cover image And Nothing but the Truthiness: The Rise (and Further Rise) of Stephen Colbert

And Nothing but the Truthiness: The Rise (and Further Rise) of Stephen Colbert

Lisa Rogak. St. Martin’s/Dunne, $25.99 (304p) ISBN 978-0-312-61610-6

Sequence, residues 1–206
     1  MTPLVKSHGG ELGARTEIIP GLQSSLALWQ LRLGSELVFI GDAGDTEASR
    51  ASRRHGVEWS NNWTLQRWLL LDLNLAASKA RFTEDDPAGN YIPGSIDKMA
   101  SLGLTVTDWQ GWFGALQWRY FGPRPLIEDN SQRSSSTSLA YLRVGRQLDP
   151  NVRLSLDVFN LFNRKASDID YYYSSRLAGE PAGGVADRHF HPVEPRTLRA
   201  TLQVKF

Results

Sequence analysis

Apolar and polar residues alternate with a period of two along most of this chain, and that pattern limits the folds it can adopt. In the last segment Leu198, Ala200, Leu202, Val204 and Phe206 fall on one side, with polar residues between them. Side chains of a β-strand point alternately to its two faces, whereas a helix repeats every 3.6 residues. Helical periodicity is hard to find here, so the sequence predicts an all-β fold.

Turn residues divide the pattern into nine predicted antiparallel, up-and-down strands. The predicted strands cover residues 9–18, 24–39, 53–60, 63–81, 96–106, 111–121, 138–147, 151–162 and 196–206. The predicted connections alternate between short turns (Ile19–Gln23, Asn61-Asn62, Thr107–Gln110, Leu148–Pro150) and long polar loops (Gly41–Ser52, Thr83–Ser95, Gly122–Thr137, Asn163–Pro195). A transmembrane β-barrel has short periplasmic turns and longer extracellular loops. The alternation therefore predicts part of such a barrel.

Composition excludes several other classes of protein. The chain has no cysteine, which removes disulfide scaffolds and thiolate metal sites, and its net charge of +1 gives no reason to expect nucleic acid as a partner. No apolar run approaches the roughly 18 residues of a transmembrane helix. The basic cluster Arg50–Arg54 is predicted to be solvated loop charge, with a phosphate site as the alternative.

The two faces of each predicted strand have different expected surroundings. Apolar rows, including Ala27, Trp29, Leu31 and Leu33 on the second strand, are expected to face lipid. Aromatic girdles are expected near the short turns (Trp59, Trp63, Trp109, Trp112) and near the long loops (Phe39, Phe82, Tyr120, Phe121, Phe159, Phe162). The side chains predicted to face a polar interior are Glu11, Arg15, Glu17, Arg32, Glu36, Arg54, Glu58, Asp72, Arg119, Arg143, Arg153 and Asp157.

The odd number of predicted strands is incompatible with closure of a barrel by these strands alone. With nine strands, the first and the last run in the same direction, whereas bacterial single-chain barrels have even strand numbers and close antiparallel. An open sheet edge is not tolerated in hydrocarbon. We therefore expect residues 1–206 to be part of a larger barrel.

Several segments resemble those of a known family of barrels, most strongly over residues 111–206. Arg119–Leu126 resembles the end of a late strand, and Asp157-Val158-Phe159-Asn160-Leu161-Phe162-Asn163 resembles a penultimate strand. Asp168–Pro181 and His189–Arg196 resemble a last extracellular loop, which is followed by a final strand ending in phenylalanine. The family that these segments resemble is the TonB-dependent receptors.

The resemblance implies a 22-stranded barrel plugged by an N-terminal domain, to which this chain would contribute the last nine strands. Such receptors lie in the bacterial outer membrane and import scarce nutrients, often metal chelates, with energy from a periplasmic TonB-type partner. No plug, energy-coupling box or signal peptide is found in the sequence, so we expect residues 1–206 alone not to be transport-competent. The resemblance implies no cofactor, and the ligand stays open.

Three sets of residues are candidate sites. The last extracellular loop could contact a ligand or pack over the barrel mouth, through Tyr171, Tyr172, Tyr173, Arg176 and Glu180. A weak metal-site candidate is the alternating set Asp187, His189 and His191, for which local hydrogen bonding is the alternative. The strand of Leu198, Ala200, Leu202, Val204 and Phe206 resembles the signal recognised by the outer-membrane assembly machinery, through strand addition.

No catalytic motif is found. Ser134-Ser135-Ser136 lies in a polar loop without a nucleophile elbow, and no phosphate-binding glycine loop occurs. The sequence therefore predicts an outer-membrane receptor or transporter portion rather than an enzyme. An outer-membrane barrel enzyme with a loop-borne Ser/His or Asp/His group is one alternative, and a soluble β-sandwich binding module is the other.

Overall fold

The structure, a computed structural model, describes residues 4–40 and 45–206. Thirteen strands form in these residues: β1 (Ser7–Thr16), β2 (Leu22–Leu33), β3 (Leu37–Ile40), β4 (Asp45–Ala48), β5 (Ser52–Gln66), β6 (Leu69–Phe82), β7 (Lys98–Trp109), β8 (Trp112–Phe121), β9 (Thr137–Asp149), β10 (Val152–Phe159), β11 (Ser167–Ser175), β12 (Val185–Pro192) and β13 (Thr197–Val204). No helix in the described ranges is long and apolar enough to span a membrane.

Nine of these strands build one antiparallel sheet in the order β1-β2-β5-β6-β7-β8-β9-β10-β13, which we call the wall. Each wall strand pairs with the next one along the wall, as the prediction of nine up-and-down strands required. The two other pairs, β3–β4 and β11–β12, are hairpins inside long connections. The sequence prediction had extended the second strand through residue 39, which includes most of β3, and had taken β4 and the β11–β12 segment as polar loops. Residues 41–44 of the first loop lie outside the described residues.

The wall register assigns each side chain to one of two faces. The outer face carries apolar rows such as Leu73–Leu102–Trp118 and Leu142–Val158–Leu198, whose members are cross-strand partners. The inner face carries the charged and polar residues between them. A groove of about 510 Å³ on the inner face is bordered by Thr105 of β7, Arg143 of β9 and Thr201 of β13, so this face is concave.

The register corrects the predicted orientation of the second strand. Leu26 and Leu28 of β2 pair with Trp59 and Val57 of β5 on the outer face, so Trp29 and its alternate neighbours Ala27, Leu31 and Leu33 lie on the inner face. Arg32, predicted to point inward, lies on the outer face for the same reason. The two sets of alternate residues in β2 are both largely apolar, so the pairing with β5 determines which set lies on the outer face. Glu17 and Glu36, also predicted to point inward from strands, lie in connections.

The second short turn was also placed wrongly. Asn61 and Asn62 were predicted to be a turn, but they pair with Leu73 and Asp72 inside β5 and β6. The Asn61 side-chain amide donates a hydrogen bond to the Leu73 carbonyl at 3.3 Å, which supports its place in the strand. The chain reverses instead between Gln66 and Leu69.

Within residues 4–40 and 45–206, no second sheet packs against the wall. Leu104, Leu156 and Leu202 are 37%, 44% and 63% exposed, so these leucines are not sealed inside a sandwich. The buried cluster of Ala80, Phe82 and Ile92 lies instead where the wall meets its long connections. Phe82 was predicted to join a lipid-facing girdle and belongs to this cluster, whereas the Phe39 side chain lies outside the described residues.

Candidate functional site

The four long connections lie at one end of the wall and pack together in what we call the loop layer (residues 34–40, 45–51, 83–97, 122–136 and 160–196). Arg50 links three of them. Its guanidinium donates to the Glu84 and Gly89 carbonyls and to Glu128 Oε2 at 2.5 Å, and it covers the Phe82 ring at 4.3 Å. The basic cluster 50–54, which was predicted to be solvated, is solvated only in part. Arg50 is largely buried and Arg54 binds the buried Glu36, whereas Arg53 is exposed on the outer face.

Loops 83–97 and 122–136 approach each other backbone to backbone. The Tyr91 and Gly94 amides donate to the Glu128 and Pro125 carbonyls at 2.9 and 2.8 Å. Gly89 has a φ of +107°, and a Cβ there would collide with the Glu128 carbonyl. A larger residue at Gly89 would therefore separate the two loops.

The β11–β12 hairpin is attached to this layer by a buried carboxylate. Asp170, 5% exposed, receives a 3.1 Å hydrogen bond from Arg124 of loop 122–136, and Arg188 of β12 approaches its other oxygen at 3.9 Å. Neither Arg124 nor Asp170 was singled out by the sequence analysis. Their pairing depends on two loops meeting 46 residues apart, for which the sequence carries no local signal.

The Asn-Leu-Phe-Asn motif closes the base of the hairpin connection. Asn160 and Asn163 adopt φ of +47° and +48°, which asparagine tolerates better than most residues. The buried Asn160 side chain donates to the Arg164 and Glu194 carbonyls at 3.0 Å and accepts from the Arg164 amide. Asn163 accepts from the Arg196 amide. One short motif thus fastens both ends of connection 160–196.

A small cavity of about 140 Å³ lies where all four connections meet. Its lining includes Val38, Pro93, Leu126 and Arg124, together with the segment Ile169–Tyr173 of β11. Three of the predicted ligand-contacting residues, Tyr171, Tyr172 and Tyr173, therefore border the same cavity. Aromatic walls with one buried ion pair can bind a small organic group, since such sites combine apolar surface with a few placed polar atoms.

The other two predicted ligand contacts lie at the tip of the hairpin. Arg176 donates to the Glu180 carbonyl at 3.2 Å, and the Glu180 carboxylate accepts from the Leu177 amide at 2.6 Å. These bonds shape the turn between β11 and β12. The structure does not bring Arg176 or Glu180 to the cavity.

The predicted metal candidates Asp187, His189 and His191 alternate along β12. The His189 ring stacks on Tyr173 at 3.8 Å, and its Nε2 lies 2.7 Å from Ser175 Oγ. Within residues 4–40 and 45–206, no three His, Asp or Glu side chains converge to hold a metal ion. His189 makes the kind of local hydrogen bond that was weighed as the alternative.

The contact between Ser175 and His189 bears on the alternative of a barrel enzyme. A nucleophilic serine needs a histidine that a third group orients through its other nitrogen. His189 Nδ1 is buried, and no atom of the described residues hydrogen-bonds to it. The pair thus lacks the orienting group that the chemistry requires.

Rogak (who’s written bios of Shel Silverstein and Stephen King, among many others), traces the trajectory of political satirist Stephen Colbert. She takes her task seriously, having pored through the archives of the Medical University of South Carolina, where Colbert’s father was the vice president for academic affairs. Colbert had an “idyllic childhood,” growing up in a large, close-knit family, but in 1974, when he was 10, his father and two of his older brothers were killed in a plane crash: “Losing a role model so young, his father’s godlike image was ‘trapped in amber.’ ” After attending Northwestern as a theater major, he toured with Second City, developed sketch comedy shows for Comedy Central, and then joined The Daily Show, where he created the news correspondent character he described as “a Bill O’Reilly–like commentator, a very well-intentioned, poorly informed, high-status idiot.” When The Colbert Report was launched in 2005, the entire premise was based on that character, and enthusiastic fans will delight in Rogak’s lengthy, detailed behind-the-scenes coverage of both the show and Colbert’s controversial keynote speech at the 2006 White House Correspondents’ Dinner. The 40 pages of bibliographic notes indicate her extensive research for this engaging, entertaining biography, which succeeds in capturing Colbert’s anarchic, iconoclastic spirit. (Oct.)